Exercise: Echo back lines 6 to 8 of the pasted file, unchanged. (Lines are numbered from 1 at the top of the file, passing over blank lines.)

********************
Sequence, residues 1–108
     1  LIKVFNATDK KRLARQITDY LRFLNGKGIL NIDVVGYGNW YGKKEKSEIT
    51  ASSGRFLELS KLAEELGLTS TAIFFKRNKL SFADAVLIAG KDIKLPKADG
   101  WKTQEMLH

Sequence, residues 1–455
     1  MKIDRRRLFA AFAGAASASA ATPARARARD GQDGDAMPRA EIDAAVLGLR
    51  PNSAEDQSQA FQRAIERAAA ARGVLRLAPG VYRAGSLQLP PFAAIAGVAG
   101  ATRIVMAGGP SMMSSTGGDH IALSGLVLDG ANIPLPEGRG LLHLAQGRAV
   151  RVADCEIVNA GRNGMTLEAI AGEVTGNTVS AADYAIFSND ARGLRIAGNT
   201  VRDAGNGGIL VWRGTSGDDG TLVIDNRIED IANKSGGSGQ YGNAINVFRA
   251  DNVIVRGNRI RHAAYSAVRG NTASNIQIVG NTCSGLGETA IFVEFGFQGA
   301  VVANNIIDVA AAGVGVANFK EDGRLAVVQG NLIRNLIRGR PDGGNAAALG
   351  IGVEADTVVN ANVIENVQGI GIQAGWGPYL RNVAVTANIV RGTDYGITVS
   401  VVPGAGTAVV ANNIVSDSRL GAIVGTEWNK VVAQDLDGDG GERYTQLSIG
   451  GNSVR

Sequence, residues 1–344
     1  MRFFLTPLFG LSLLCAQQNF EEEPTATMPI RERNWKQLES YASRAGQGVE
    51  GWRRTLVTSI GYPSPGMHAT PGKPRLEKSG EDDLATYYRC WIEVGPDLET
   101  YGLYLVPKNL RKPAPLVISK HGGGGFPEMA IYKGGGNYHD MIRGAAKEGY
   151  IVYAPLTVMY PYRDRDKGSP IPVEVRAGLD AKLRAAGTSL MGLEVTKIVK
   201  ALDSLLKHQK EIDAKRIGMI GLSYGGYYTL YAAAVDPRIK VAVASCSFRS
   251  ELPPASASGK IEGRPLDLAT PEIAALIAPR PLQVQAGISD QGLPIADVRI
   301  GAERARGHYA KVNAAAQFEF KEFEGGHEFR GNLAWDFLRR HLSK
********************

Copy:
     1  MKIDRRRLFA AFAGAASASA ATPARARARD GQDGDAMPRA EIDAAVLGLR
    51  PNSAEDQSQA FQRAIERAAA ARGVLRLAPG VYRAGSLQLP PFAAIAGVAG
   101  ATRIVMAGGP SMMSSTGGDH IALSGLVLDG ANIPLPEGRG LLHLAQGRAV